Justices Time Their Retirements According to Political Party

Do U.S. Supreme Court justices tend to try to time their retirements to help the political party of the president who appointed them? University of Chicago sociologist Rafe Stolzenberg and I have an article in the journal Demography that finally answers that question: Yes, justices do act politically when deciding whether to retire or take senior status.  One interesting finding is that since 1789 justices have been more likely to die in office when the party of the current president is different from the party of the president who appointed him.

Our paper, “Retirement and Death in Office of U.S. Supreme Court Justices,” can be downloaded at SSRN.

Here is the abstract [abstract revised after posting]:

In this study, we construct demographic models of retirement and death in office of U.S. Supreme Court justices, a group that has gained demographic notice, evaded demographic analysis, and is said to diverge from expected retirement patterns. Models build on prior multi-state labor force status studies and data on justices permit an unusually clear distinction between voluntary and “induced” retirement. Using data on every justice from 1789 through 2006, with robust, cluster-corrected, discrete time, censored, event history methods, we (1) estimate retirement effects of pension eligibility, age, health, and tenure on the timing of justices’ retirements and deaths in office, (2) resolve decades of debate over the Politicized Departure Hypothesis that justices tend to alter the timing of their retirements for the political benefit or detriment of the incumbent President, (3) reconsider the nature of rationality in retirement decisions, and (4) consider the relevance of organizational conditions as well as personal circumstances to retirement decisions.

Computing robust standard errors with adjustments for clustering by justice, we find that the odds that a justice will retire (or resign or take senior status) in the first two years of the term of a president of the same political party as the president who first appointed him to the Court are about 2.6 times the odds of retiring under a president of the opposing party in the last two years of his presidential term. As hypothesized, roughly the opposite pattern is observed for dying: The odds of death in office odds are about three times higher when the incumbent president is not of the same party as the president who appointed the justice (compared with when the incumbent president is of the same party).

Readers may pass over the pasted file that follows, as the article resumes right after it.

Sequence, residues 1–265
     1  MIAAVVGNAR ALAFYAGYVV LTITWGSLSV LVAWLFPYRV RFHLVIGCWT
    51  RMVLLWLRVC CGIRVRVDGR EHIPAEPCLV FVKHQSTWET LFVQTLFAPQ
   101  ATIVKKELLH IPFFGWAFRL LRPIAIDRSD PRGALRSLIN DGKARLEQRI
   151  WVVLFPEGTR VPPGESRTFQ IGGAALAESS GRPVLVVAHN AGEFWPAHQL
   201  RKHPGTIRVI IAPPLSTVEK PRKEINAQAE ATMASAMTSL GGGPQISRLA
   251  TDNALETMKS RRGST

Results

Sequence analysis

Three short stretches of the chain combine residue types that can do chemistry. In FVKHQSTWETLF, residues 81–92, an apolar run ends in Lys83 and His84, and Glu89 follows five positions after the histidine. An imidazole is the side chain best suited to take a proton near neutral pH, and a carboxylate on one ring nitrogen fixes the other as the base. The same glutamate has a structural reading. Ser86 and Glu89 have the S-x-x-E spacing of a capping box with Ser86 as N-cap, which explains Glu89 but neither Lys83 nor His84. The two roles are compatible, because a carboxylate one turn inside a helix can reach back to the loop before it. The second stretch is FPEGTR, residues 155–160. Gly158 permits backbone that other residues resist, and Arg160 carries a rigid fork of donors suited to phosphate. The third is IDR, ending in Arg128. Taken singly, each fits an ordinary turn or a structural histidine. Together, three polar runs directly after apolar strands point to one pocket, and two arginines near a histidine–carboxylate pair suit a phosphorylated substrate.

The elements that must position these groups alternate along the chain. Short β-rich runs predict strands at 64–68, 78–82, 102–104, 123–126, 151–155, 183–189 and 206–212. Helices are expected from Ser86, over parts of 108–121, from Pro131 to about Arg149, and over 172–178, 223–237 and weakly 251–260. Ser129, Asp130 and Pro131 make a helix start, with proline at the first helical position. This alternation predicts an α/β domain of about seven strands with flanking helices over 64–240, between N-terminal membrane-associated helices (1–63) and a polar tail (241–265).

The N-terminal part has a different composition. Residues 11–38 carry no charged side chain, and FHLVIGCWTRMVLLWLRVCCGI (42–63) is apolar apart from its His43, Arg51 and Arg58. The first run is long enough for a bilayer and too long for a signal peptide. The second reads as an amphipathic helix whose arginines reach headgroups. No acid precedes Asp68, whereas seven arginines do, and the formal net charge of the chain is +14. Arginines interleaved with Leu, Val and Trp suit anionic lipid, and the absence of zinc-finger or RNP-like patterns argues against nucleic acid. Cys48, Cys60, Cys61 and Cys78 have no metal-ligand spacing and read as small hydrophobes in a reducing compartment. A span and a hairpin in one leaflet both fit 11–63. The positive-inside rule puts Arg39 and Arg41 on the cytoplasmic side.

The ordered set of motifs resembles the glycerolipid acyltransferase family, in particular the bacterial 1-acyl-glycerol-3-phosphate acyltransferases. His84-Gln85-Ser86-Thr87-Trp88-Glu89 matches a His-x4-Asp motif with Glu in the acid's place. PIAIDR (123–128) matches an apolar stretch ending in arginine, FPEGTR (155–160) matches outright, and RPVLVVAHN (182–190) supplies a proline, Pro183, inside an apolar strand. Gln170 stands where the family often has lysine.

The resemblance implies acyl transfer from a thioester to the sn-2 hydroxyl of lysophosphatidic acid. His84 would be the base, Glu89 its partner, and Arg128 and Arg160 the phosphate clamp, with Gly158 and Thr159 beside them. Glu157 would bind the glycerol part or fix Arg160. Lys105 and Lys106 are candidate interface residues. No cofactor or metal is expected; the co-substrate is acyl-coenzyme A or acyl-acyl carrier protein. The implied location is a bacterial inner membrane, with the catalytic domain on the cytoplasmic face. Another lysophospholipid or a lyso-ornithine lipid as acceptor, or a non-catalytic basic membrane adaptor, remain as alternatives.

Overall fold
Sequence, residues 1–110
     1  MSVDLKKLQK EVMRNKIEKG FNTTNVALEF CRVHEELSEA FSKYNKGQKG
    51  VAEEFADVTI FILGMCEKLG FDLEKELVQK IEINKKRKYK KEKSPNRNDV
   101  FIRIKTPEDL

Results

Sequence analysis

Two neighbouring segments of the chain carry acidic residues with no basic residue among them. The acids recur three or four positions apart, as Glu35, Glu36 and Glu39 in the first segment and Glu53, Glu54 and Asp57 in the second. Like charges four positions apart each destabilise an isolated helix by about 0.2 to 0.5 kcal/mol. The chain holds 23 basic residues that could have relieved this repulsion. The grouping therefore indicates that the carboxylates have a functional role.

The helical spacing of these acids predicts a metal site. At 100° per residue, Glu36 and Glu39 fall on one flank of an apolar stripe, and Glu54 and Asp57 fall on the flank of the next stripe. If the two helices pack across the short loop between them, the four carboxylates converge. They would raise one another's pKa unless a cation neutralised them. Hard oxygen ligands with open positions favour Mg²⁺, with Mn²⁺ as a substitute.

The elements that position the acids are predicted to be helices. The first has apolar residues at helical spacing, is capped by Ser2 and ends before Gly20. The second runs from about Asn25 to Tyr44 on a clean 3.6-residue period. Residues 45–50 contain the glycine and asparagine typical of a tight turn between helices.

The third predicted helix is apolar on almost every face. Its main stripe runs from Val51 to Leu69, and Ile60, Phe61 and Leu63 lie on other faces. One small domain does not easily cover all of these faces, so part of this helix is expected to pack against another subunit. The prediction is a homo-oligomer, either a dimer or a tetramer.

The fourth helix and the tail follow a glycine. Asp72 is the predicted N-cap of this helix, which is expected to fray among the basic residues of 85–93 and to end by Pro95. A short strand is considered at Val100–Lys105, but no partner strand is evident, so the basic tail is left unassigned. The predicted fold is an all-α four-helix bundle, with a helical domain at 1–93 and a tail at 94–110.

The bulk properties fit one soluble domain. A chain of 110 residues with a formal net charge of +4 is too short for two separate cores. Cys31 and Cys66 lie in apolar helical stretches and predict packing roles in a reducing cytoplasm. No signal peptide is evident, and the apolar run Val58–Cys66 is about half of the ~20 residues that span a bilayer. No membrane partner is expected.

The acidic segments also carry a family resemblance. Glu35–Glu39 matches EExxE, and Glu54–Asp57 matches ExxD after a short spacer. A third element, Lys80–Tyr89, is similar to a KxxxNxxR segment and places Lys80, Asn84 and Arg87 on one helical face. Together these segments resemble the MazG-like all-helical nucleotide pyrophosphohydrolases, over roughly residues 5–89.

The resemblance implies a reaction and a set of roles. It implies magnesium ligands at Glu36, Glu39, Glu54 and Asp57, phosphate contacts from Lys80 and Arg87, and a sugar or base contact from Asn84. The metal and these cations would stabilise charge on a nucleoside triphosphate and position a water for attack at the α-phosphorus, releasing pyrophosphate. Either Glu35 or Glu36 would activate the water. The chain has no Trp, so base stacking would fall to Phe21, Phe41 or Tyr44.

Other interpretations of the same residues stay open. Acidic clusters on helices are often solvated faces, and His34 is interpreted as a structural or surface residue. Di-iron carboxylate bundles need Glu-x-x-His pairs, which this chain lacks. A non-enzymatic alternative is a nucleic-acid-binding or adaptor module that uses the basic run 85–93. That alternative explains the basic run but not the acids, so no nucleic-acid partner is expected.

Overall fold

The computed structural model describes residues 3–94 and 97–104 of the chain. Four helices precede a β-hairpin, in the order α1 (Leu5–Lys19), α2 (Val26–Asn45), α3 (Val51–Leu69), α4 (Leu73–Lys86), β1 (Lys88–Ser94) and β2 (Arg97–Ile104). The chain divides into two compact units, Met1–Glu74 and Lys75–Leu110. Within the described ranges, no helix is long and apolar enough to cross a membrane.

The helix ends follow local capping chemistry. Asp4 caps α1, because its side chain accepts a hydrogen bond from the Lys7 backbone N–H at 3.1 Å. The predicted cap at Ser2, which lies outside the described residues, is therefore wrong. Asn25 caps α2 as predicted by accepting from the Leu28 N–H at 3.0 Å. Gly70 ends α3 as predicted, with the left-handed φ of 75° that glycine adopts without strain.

To illustrate that our analyses are not sensitive to different ways of conceptualizing the problem, we also show that if one views death and retirement as competing risks, an approach that we do not favor, the results of a multinomial probit show much the same effects as we show for separate analyses of retirement and death in office.

We find that the odds that justices will retire or take senior status in a year when they are eligible for their pension are more than eight times larger than the odds of retirement in years in which they are not eligible for their pension. Also, contrary to researchers who have hypothesized tenure on the bench as a linear predictor or those who find that increasing tenure always increases the estimated odds of retirement, we find that until judges have been on the bench for 25 or more years, each additional year of tenure makes them less likely to retire, rather than more likely to retire. We also document the secular increases since 1789 in the ages at which United States Supreme Court justices leave the Court, the ages at which they ultimately die, their length of tenure on the Court, and the probability that they will leave office by retirement, rather than by death.

In general, our empirical account supports the rich historical literature that documented individual cases in which justices resigned, retired, or took senior status to perpetuate party influence on the Court. We find that Supreme Court Justices act more or less as one would expect sophisticated people to act regarding their careers. While personal factors, such as pension eligibility, are more important predictors of retirement than political variables, the data are nonetheless consistent with a hypothesis of politicized departure: Whether leaving by retirement, resignation, or death, justices tend to time their departures from the Court based in part on a president’s party and the years remaining in a president’s term in office.

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